UK: TUPE – An employment tribunal considers whether workers qualify for protection under TUPE
“Citysprint provided courier services to HCA Healthcare. R took over the provision of those services when Citysprint lost its contract. Three cycle couriers working for Citysprint claimed that they transferred to R under TUPE, notwithstanding the fact that they were engaged as “”workers”” and not traditional employees. The cycle couriers brought employment tribunal claims against both Citysprint and R for outstanding holiday pay and failure to inform and consult under TUPE.
Under TUPE, the transferee effectively “”steps into the shoes”” of the transferor so that any potential claims (such as any rights to holiday pay) that the employee had against the transferor can be made against the transferee. The tribunal had to consider whether TUPE also applied to the intermediate class of “”workers”” who, unlike traditional employees, only benefit from limited employment rights (such as holiday pay and discrimination protection).
TUPE implements the EU Acquired Rights Directive (ARD) which provides for the transfer of rights and obligations arising from an employment contract or “”employment relationship””. UK employment law provides levels of protection to both traditional employees and so called “”workers””. Take, for example, the Equality Act, which provides discrimination protection to both. The judge reasoned that since the purpose of the ARD is to preserve rights under national employment law, it cannot be in accordance with the ARD, or discrimination law, for workers to be entitled to discrimination protection but not to be entitled to preserve those rights as against a transferee. Accordingly, the UK class of employee known as “”workers”” must come within the term “”employment relationship”” in the ARD.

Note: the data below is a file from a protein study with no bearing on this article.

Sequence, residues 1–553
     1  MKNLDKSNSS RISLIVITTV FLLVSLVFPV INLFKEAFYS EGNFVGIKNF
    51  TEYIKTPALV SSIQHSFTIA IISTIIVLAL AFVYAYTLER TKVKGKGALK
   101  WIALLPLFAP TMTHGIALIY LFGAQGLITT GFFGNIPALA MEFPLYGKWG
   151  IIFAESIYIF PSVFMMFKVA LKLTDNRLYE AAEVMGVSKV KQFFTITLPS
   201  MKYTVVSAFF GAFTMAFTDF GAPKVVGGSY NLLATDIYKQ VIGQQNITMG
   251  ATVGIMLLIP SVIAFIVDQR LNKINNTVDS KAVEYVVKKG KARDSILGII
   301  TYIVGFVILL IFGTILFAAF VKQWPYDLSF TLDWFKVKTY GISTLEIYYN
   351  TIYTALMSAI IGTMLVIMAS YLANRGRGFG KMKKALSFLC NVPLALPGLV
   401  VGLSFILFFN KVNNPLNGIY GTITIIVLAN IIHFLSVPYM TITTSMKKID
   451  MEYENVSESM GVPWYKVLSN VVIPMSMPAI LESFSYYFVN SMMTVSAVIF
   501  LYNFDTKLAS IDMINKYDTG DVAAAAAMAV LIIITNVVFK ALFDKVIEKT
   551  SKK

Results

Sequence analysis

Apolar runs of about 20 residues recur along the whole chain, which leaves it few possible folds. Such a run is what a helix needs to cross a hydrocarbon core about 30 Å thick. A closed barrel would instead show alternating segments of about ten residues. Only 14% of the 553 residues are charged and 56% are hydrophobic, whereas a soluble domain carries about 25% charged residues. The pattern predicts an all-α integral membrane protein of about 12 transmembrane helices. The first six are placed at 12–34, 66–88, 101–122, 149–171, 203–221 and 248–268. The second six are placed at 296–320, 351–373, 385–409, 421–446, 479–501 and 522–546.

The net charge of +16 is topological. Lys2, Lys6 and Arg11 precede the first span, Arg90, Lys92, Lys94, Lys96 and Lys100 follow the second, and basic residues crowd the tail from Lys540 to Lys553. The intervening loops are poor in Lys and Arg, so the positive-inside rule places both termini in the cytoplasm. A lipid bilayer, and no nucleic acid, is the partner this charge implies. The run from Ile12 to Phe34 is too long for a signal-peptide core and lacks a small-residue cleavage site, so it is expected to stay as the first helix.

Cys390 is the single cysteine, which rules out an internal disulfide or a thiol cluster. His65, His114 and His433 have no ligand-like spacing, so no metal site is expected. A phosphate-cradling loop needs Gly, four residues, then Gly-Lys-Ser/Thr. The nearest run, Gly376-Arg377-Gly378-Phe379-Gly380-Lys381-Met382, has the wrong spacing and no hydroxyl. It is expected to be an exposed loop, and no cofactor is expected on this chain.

The judge then looked at what this means under domestic law. TUPE defines “”employee”” as any individual working under a contract or service or apprenticeship “”or otherwise””, but excludes the genuinely self-employed. The judge reasoned that the words “”or otherwise”” shows that TUPE was intended to confer rights on a broader class of employee than those just employed under an employment contract. The tribunal was required to interpret TUPE in accordance with the ARD so the words “”or otherwise”” had to include “”workers””.
This decision is potentially highly significant, particularly for those businesses which engage contractors and zero hours workers who are not regarded as traditional employees. It potentially also reopens the debate about partners, given they are workers. However, it is only an employment tribunal decision so is not binding on other tribunals or the courts. Employers should therefore wait until this decision is confirmed by an appeal court before making any changes to their practices on the transfer of an undertaking or change in service provision.
Dewhurst & others v Revisecatch Limited t/a Ecourier(1) and City Sprint (UK) Ltd (2)”